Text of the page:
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Father of Health IT Talks History, Upcoming Challenges

October 16, 2012
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David Brailer Looks Ahead, Looks Back

For most people in this industry, David Brailer, M.D., chairman of Health Evolution Partners and the former National Coordinator for Health IT needs no introduction.

Many consider him to be the father of health IT (some apparently even call him the Grandfather of Health IT). He was the first National Coordinator for Health IT and he developed the nation’s strategy in digitizing healthcare under former President George W. Bush.  Unfortunately for Dr. Brailer, at a recent conference where he spoke, he was introduced right before Colin Powell, who for most people in this country absolutely needs no introduction (I would hope).

While Brailer has not achieved this kind of celebrity status yet, his contributions to healthcare may one day be viewed just as highly as those from the famed General. These contributions and where the industry is headed played into theme of the Digital Health Conference this week in New York City, hosted by the New York eHealth Collaborative, where Brailer gave a fantastic keynote speech.

In giving a history lesson, Brailer talked about the industry’s beginnings, dating back to the 1970s when the groundwork for today’s developments was laid by various pioneers. The biggest agents for change, Brailer said, were people from the ground up – just like today. He mentioned the official beginning of the “decade of health IT,” and the various ways in which the industry got a kick start, including President Bush’s executive order in 2004 calling for widespread use of electronic records in healthcare. This order created the Office of the National Coordinator for Health IT.  

“Many of you make fun of ONC, but let me say, it was way better than the original office name we created, which was U.S. HIT,” Brailer joked with the crowd.

Brailer’s speech espoused important things, and it tied humor with insightful anecdotes. One of the more interesting things he said was, “The thing I love most about the effort we live in 2004, 2007, 2010, and today, is healthcare information is completely bipartisan. Try to think of any other part of federal health policy that hasn’t been politicized.” Although, I must note, healthcare IT has been politicized, as recently as two weeks ago, which Brailer actually later addressed (and dismissed) in the Q&A session.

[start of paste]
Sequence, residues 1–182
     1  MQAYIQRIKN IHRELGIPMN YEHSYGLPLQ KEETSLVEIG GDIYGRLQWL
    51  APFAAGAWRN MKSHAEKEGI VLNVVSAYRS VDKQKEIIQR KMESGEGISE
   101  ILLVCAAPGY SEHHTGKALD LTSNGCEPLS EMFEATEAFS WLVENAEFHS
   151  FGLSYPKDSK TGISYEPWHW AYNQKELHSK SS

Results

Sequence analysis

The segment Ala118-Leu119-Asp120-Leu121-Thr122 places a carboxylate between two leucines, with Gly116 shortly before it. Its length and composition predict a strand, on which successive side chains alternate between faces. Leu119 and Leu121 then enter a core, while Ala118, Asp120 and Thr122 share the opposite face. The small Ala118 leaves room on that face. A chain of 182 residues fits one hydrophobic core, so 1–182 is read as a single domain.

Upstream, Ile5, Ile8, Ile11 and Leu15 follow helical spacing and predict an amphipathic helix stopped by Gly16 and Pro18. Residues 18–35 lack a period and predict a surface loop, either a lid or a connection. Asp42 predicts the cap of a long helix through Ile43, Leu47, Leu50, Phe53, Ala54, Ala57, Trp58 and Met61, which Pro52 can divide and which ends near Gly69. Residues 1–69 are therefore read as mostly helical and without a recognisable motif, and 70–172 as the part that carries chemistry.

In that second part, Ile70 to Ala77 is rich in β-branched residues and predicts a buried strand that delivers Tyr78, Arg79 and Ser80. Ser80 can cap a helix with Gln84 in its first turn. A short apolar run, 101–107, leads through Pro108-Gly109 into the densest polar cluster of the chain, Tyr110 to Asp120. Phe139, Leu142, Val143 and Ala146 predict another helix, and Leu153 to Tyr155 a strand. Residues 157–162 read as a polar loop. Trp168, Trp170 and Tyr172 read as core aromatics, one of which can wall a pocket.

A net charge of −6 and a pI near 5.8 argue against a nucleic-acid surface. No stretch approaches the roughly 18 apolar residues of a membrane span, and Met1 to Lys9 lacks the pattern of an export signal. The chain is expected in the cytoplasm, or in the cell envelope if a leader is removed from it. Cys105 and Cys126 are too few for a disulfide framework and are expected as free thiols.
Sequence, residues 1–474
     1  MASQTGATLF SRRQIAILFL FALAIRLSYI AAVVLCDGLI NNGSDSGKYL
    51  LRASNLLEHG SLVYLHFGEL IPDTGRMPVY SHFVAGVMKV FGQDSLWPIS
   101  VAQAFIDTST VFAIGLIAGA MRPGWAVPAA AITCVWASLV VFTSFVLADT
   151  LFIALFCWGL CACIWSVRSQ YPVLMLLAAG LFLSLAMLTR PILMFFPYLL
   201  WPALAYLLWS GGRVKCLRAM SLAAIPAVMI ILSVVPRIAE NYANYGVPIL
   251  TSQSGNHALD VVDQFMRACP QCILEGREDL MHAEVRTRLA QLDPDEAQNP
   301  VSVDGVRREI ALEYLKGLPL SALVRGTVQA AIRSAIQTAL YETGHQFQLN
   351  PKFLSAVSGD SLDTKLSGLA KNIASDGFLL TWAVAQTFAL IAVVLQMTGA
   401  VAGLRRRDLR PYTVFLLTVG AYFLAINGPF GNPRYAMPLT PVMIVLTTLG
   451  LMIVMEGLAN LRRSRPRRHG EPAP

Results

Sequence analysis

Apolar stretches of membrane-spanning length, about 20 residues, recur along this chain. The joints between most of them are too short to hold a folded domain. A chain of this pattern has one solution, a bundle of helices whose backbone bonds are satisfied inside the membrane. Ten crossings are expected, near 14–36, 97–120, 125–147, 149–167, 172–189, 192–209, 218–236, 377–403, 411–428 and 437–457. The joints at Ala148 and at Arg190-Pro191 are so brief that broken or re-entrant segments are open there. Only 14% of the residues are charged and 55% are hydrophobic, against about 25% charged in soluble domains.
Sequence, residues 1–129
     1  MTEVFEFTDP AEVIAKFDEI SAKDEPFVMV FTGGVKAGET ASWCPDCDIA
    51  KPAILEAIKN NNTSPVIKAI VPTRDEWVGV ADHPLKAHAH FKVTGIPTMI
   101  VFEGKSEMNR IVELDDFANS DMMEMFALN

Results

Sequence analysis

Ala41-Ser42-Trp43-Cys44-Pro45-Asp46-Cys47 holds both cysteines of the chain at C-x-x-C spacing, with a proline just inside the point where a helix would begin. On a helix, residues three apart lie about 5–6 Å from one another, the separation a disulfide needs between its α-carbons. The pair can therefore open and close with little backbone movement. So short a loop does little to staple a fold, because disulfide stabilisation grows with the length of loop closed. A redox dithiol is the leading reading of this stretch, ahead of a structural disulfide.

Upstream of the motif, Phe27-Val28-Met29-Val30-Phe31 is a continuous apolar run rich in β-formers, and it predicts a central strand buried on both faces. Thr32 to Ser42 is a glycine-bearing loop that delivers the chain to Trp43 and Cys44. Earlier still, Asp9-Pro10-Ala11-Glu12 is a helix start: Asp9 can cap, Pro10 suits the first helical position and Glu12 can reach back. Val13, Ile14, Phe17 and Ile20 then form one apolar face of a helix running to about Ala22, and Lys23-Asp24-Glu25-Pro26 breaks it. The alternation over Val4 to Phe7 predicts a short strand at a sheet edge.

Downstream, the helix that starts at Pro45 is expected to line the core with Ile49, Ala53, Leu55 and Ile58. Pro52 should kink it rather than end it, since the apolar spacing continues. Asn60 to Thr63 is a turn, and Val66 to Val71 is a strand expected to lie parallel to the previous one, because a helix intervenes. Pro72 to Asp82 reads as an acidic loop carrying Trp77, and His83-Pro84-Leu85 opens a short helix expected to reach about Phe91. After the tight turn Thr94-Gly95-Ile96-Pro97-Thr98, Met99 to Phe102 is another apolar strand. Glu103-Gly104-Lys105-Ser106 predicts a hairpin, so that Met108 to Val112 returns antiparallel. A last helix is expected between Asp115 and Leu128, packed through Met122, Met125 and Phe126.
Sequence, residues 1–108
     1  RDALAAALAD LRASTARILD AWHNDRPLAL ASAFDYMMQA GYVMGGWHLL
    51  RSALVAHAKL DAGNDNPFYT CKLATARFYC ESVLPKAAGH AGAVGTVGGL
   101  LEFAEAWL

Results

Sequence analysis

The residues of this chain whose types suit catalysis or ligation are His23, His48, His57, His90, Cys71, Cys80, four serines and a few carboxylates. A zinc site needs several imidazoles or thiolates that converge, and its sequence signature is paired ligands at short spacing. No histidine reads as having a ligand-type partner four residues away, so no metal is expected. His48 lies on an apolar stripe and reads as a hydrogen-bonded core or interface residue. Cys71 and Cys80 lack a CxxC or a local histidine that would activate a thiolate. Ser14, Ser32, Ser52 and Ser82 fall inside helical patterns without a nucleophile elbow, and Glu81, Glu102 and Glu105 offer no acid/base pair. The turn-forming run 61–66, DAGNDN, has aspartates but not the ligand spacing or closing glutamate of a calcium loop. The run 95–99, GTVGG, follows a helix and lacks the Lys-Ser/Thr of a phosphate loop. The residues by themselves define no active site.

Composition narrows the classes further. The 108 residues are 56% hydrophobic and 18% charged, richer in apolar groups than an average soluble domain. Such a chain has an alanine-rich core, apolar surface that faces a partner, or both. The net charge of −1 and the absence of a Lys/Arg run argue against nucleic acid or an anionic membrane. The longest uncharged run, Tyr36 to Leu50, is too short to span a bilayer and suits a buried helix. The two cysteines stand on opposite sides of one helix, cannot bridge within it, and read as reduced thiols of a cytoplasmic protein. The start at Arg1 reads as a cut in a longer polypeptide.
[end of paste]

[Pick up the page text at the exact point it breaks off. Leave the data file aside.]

Still, the point was made. This is an effort that has been pushed off the ground, thanks to industry leaders making commitments in the form of investments, federal and state congressman making health IT-friendly policies, on-the-ground physicians advocating and using health IT, patients being interested in it, and many others who have got us to this point. Brailer then perfectly transitioned to the future and how there are still many challenges ahead.

“We have challenges that are getting harder; they are getting harder because the easy work is done,” Brailer said.

Brailer spent the rest of his speech focusing on four specific challenges that the industry faces. Those challenges include the continued investments and never-ending maturation of the EHR market, the need to make health information exchange irrevocable, the fact that health IT must deliver on the promise of reducing cost and waste, and lastly my personal favorite, getting patients to be an active part of this movement.  He talked about the importance of the “super shopper,” the patient that will use health IT to understand their information better and navigate the system.